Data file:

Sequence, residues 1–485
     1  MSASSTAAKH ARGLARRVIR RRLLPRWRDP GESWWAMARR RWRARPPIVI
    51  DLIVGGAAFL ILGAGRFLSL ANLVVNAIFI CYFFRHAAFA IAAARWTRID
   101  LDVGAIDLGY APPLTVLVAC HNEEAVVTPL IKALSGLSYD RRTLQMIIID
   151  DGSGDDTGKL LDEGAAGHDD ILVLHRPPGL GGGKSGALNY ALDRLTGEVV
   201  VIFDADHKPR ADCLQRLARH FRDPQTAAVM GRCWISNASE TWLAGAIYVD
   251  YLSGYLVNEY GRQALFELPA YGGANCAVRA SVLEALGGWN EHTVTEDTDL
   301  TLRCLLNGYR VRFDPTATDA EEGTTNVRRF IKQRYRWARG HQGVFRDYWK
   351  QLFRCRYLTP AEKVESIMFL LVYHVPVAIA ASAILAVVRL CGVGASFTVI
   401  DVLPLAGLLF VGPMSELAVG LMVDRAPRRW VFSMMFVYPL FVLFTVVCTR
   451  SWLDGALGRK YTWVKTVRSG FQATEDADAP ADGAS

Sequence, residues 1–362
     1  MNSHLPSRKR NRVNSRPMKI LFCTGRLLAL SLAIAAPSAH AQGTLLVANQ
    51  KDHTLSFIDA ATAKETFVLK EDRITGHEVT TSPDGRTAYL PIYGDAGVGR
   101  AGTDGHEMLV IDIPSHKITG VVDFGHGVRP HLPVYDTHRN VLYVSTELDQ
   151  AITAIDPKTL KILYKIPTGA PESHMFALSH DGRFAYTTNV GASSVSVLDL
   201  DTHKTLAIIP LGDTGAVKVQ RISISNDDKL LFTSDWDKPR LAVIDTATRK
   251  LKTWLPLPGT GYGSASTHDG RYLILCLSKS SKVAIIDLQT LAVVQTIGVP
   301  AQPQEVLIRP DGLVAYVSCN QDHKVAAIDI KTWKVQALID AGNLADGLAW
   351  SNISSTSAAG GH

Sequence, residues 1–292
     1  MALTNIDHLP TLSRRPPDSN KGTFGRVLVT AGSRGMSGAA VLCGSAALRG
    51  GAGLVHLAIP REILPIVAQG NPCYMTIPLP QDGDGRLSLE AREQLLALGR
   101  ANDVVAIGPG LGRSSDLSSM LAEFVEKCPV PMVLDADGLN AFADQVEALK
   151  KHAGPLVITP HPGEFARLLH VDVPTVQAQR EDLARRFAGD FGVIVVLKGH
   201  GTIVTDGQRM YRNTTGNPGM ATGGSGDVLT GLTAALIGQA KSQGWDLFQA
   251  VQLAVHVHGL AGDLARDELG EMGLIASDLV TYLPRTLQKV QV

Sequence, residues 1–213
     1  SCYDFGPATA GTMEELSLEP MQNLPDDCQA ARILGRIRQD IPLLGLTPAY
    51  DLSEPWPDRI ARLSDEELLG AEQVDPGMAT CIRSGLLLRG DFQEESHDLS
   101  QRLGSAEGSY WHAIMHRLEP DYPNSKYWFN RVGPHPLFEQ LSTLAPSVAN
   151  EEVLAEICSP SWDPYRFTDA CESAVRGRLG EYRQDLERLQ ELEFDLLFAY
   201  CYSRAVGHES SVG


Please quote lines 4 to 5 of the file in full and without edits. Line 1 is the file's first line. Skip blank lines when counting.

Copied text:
   101  LDVGAIDLGY APPLTVLVAC HNEEAVVTPL IKALSGLSYD RRTLQMIIID
   151  DGSGDDTGKL LDEGAAGHDD ILVLHRPPGL GGGKSGALNY ALDRLTGEVV